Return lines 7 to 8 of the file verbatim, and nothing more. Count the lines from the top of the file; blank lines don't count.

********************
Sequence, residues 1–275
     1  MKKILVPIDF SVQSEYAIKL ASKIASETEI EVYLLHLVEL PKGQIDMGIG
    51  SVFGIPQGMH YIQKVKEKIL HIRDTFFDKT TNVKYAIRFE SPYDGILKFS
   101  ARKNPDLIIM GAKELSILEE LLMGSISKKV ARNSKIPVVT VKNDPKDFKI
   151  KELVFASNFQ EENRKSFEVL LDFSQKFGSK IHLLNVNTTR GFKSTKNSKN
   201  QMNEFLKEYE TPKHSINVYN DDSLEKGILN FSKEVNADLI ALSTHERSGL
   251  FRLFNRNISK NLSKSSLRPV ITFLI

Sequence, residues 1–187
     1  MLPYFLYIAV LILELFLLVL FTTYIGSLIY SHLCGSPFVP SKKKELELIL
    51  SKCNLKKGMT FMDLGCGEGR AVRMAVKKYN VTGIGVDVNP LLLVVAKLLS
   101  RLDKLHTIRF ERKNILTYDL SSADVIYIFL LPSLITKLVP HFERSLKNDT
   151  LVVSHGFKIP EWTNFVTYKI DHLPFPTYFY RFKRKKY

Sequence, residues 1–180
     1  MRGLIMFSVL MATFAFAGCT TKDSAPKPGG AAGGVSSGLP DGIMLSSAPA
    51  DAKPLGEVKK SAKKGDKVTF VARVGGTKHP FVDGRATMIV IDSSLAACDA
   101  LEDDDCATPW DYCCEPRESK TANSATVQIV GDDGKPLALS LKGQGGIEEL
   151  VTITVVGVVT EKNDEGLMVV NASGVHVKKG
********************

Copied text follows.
   251  FRLFNRNISK NLSKSSLRPV ITFLI

Sequence, residues 1–187